Discussion: We identified several options, such as nutrient management, runoff control, and infrastructure upgrades. Where appropriate, a cross-section of examples from various regions of the world is provided. The importance of monitoring and validating effectiveness of management strategies is also highlighted. Finally, we describe a case study in Sweden that illustrates the critical role of communication to engage stakeholders and promote action.
Conclusions: Environmental releases of antibiotics and antibiotic-resistant bacteria can in many cases be reduced at little or no cost. Some management options are synergistic with existing policies and goals. The anticipated benefit is an extended useful life span for current and future antibiotics. Although risk reductions are often difficult to quantify, the severity of accelerating worldwide morbidity and mortality rates associated with antibiotic resistance strongly indicate the need for action.
doi:10.1289/ehp.1206446
PMCID: PMC3734499  PMID: 23735422
agriculture; antibiotic manufacturing; antibiotic resistance; aquaculture; livestock; manure management; policy; wastewater treatment
4.  Implementing Ecopharmacovigilance in Practice: Challenges and Potential Opportunities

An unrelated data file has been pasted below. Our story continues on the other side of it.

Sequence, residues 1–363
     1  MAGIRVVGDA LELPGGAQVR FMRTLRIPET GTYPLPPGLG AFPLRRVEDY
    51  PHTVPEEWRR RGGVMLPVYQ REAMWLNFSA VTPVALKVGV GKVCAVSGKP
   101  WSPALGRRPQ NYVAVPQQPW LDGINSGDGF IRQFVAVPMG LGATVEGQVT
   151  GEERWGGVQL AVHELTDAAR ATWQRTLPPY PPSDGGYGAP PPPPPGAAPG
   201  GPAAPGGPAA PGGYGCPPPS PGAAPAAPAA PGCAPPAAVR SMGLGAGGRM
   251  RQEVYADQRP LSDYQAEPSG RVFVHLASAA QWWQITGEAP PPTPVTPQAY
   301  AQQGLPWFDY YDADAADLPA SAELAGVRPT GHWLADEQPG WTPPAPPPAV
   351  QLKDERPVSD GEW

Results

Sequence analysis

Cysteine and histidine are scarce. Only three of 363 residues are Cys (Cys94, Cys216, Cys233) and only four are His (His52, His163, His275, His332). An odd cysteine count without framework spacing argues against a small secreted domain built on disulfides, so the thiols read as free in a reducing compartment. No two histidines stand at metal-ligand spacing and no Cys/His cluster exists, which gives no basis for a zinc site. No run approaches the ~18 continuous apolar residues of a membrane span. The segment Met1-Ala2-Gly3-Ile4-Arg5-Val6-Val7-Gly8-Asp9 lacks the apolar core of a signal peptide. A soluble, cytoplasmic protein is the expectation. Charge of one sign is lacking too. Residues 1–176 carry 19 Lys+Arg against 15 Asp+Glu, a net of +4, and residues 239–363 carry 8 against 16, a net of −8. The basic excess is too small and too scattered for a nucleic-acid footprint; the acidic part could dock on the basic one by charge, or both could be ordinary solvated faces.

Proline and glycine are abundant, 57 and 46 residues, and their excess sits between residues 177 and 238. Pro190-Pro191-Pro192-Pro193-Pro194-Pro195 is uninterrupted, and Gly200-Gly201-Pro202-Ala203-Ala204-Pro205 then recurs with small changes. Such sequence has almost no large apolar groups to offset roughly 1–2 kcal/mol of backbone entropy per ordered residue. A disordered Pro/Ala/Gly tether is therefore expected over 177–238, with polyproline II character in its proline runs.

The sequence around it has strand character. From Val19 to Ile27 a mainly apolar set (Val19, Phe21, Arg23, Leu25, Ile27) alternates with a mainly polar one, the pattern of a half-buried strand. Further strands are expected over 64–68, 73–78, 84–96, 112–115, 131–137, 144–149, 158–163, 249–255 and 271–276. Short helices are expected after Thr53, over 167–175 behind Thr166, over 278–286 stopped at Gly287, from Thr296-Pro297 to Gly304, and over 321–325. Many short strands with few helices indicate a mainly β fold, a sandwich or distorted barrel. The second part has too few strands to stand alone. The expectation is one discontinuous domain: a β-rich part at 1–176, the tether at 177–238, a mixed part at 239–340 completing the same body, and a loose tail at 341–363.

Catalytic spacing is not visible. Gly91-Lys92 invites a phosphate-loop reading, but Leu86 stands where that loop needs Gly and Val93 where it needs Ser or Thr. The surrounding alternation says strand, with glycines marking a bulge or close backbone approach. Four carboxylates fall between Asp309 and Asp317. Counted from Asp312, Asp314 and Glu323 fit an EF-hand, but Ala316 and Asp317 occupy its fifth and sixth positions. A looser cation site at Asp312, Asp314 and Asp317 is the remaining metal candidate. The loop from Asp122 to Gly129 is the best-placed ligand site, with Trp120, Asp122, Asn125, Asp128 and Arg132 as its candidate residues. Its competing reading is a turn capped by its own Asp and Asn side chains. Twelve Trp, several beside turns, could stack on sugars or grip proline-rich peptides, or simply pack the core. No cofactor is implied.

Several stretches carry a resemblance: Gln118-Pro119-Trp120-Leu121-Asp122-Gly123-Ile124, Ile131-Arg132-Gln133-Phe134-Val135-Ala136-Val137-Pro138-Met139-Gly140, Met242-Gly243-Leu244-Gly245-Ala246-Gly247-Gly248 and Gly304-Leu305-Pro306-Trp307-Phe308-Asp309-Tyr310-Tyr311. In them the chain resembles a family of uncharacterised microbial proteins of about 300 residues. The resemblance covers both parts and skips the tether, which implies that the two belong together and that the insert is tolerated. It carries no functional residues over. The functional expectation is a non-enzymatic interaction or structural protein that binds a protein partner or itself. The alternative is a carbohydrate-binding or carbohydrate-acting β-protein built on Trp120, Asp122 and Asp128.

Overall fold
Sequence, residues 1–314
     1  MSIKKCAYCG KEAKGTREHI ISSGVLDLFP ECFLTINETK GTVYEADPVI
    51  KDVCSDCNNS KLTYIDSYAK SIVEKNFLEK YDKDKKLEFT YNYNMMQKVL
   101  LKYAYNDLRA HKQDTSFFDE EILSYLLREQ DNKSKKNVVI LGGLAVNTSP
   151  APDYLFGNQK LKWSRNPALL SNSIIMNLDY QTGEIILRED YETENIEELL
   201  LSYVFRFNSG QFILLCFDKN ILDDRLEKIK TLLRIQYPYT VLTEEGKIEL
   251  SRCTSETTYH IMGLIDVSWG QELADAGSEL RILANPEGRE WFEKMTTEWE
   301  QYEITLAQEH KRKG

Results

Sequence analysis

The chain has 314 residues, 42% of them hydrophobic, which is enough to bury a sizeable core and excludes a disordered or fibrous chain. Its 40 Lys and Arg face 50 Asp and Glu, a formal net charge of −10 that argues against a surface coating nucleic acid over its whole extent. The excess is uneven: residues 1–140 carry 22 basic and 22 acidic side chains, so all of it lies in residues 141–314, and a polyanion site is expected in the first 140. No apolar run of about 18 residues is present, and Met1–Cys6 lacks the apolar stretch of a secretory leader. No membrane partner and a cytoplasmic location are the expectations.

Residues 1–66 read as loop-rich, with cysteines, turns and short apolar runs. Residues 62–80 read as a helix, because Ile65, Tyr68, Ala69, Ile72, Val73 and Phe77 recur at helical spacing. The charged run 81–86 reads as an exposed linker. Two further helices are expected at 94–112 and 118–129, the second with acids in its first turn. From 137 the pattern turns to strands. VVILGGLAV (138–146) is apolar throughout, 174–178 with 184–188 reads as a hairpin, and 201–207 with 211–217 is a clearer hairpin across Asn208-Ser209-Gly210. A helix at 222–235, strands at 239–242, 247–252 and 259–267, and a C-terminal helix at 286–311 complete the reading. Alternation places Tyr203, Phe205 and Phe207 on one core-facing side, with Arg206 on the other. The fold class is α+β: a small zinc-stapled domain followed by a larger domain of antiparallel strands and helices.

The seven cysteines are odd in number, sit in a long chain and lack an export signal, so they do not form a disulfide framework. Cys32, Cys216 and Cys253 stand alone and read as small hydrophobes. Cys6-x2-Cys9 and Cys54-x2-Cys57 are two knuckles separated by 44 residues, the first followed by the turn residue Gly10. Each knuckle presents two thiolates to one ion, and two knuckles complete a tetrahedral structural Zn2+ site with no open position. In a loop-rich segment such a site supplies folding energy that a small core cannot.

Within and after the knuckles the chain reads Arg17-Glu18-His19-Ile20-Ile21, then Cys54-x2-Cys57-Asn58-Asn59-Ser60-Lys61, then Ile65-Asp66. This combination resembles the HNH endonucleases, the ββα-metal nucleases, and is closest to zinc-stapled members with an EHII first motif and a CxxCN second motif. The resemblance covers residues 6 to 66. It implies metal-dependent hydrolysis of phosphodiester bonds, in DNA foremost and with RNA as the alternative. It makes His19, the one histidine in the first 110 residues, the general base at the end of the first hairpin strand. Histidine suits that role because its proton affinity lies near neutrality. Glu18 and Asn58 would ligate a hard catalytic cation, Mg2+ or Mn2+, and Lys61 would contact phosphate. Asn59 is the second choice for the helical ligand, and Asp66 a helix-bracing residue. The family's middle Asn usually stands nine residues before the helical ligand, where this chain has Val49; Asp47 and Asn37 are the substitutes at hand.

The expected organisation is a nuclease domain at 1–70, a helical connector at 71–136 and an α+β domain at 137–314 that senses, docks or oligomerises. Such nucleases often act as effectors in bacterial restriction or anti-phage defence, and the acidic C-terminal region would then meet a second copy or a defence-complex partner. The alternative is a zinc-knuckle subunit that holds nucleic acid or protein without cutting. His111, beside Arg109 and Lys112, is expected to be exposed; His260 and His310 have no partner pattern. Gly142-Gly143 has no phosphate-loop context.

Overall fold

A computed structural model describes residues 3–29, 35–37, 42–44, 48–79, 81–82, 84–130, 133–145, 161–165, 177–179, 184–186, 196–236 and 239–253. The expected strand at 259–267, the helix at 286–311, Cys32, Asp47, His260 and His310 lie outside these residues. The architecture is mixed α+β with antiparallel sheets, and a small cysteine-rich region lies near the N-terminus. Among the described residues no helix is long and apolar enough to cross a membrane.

Drug Safety  2013;36(7):533-546.
Ecopharmacovigilance (EPV) is a developing science and it is currently very unclear what it might mean in practice. We have performed a comparison between pharmacovigilance (PV) and EPV and have identified that there are similarities, but also some important differences that must be considered before any practical implementation of EPV. The biggest difference and greatest challenge concerns signal detection in the environment and the difficulty of identifying cause and effect. We reflect on the dramatic vulture decline in Asia, which was caused by the veterinary use of diclofenac, versus the relative difficulty in identifying the specific causes of intersex fish in European rivers. We explore what EPV might mean in practice and have identified that there are some practical measures that can be taken to assess environmental risks across product life cycle, particularly after launch of a new drug, to ensure that our risk assessments and scientific understanding of pharmaceuticals in the environment remain scientifically and ecologically relevant. These include:Tracking environmental risks after launch of the product, via literature monitoring for emerging data on exposure and effectsUsing Environmental Risk Management Plans (ERMPs) as a centralized resource to assess and manage the risks of a drug throughout its life cycleFurther research, testing or monitoring in the environment when a risk is identifiedKeeping a global EPV perspectiveIncreasing transparency and availability of environmental data for medicinal products.These measures will help to ensure that any significant environmental issues associated with pharmaceuticals in the environment (PIE) are identified in a timely way, and can be managed appropriately.